Since they don't have mortgages, their costs are property taxes, utilities, and food with little need for transportation. Gardeners are hired for yard maintenance and building work on an as-need basis. Retirement nest eggs and Social Security seem to be enough income to maintain a comfortable life.
Posted by Resident, a resident of Another Palo Alto neighborhood, on Jul 11, 2012 at 1:43 pm
10 years ago I was surrounded by elderly neighbors. They all remained in their homes until they were carried out (one way or another) except for one who still remains and she will stay until she is carried out. These homes are now filled with families with children apart from one.
I would like to see even one elderly resident who wants to move out of their long established home and move into senior housing without a car in Palo Alto, stating that they wish to do so.
Posted by Jeff, a resident of the Downtown North neighborhood, on Jul 11, 2012 at 2:03 pm
Parking is already a disaster downtown. Let's build more high density housing downtown ... ? Oh right, the housing is for all of the senior citizens who are too frail to drive or leave their 100 sq ft room. I sure hope the reasoning was better than what the article presents.
Posted by Infracstructure, a resident of the Downtown North neighborhood, on Jul 11, 2012 at 2:06 pm
there is no way the city of palo alto has the infracstructure to support these numbers of extra homes. It does seem funny that I don't see any large housing complexes are going up in menlo park or mtn view or redwood city. Perfect spot in MP is where the car dealers were. We certainly don't have room for more schools as in the 80's they sold off 3 elementary schools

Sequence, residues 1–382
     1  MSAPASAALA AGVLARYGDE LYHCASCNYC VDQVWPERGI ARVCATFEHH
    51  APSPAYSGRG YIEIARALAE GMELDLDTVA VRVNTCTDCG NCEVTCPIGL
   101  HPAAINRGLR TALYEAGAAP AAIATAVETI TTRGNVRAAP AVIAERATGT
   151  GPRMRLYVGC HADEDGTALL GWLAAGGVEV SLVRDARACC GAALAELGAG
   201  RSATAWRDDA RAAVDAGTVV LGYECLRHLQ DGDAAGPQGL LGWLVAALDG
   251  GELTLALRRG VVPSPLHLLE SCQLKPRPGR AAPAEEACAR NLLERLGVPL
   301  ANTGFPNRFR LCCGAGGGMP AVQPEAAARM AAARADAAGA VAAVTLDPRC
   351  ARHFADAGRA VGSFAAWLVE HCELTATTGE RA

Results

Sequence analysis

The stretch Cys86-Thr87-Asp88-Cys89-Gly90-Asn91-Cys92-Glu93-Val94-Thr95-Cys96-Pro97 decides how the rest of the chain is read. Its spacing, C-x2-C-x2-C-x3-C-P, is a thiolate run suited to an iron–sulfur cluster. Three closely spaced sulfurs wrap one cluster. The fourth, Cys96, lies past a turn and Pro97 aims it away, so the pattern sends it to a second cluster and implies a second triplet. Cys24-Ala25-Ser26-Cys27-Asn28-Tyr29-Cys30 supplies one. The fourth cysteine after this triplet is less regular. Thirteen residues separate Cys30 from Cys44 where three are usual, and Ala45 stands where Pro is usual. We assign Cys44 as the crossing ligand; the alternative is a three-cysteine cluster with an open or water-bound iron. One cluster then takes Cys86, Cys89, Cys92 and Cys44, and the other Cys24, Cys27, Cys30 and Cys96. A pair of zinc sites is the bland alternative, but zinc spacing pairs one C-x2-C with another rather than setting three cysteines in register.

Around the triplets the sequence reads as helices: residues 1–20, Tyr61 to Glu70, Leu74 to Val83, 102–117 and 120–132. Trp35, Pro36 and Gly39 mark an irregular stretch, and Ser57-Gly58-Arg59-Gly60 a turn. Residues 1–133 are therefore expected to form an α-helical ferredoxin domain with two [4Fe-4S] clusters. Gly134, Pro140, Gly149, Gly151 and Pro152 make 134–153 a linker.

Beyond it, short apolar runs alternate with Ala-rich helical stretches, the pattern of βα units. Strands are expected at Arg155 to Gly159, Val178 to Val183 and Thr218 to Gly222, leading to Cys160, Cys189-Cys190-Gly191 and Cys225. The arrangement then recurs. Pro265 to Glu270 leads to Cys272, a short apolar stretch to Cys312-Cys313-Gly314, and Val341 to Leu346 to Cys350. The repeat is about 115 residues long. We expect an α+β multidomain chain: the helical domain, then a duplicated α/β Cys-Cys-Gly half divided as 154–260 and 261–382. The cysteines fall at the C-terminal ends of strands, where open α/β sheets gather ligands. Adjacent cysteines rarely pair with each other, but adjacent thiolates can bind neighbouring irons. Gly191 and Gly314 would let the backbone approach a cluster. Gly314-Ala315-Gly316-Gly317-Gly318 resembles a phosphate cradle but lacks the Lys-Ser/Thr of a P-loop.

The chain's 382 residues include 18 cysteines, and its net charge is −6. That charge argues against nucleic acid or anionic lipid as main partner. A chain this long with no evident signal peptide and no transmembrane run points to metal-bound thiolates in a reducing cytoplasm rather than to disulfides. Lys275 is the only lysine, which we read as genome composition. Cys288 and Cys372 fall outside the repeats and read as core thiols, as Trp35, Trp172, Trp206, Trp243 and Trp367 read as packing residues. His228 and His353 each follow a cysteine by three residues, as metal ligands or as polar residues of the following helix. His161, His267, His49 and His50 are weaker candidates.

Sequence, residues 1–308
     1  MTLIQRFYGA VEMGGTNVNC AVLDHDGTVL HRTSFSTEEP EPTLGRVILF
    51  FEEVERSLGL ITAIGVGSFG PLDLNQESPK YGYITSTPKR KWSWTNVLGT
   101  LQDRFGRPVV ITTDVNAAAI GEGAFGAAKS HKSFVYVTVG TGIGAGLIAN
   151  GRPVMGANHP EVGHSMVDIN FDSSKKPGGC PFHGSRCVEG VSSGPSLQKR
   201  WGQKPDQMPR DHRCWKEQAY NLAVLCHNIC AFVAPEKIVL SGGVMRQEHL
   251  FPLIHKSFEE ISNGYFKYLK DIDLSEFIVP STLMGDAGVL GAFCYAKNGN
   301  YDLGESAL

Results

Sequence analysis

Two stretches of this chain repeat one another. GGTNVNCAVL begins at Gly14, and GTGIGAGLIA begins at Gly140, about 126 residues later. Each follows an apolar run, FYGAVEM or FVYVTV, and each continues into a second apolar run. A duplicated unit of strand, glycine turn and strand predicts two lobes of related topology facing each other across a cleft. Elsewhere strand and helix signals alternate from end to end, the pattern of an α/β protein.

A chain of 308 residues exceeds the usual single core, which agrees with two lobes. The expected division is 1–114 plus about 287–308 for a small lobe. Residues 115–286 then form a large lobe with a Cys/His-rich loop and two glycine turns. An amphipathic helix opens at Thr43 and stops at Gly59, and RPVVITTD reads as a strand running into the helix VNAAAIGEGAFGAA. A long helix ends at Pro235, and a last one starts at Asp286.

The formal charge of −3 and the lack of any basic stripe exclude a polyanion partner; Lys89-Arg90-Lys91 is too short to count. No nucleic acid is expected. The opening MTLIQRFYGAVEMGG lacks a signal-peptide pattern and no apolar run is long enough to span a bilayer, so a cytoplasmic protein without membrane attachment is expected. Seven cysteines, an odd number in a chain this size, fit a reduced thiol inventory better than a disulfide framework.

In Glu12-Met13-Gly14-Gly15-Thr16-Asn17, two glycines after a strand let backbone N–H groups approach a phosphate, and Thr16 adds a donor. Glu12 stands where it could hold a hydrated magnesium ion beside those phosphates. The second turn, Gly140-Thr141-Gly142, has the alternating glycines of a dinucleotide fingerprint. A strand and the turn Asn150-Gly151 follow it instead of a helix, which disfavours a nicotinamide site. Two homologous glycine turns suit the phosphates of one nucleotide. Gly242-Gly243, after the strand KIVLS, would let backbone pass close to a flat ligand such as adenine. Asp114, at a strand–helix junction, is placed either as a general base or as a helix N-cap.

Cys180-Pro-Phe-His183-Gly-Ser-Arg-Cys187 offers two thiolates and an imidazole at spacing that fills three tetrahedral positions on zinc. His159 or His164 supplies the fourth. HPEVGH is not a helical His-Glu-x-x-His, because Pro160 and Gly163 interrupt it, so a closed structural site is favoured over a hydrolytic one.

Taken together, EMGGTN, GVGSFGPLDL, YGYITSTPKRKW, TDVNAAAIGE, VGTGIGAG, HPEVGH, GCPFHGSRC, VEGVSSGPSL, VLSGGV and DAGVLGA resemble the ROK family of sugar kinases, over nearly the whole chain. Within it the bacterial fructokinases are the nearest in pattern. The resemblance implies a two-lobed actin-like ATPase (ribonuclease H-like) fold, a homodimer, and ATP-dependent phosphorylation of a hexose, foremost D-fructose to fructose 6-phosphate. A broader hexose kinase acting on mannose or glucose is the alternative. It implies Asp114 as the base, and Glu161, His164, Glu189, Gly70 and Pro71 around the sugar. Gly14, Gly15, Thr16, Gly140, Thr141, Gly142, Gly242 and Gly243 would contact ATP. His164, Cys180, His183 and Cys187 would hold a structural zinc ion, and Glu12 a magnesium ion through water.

Posted by Jenny, a resident of the Old Palo Alto neighborhood, on Jul 11, 2012 at 2:44 pm
Are Palo Altan's aware than beginning in January 2013 there will be a tax of 3.8% levied on all home sales? You can thank Obamacare for this. This new provision is buried in the law.
Example: if you sell your PA house for $1.2M, the federal government will collect almost $46,000 in taxes. This will be an incredible burden on the middle class and senior citizens wanting to sell their homes and downsize.
Posted by D, a resident of the Barron Park neighborhood, on Jul 11, 2012 at 2:59 pm
I think if you ask Seniors what they want, they want to stay in their homes. Why not look at that and improve mass transit for Seniors who can't drive anymore and for cargivers to get to their jobs caring for the elderly. Palo Alto is tapped out in space. I am sure Seniors would love to live in a 2x2 apartment 10 stories up. Do I hear "Little boxes, little boxes" playing in background?
Honestly we need to get the our State Senator and Assemblyman to step in and change the law about density. The schools are maxed out as well as the infrastructure. Ridiculous! This does sound like socialism!
Posted by Jenny, a resident of the Old Palo Alto neighborhood, on Jul 11, 2012 at 4:10 pm
The new Obamacare tax (3.8% federal tax on the sale of homes) does not include the capital gains tax, transfer tax, etc., already assessed on homeowners when they sell their homes.
The new 3.8% Obamacare tax on the sale of a $2M home is $76,000. Just think how this will effect Palo Alto's senior population, when they sell their homes. Or the children of PA seniors when they sell their parents home. Most American's are unaware that this new tax is about to be enacted in January 2013. It will effect all home sellers, regardless of income.
Newly planned denser housing in Palo Alto. The High Speed Rail cutting Palo Alto in half. What a disaster.
Posted by weeklyreader, a resident of another community, on Jul 11, 2012 at 4:39 pm
Infracstructure, Redwood City is building apartment complexes at the old Mel's Bowling alley site, downtown Marshall/Arguello (across from Peet's), and on Veterans Blvd where the old Dodge dealership was.
Posted by Ken, a resident of the Duveneck/St. Francis neighborhood, on Jul 11, 2012 at 7:42 pm
Sorry, but the 3.8 percent tax on the sale of homes because of Obamacare is real. Real estate companies are discussing it with their employees. The Department of Real Estate is lobbying to have that provision struck from Obamacare.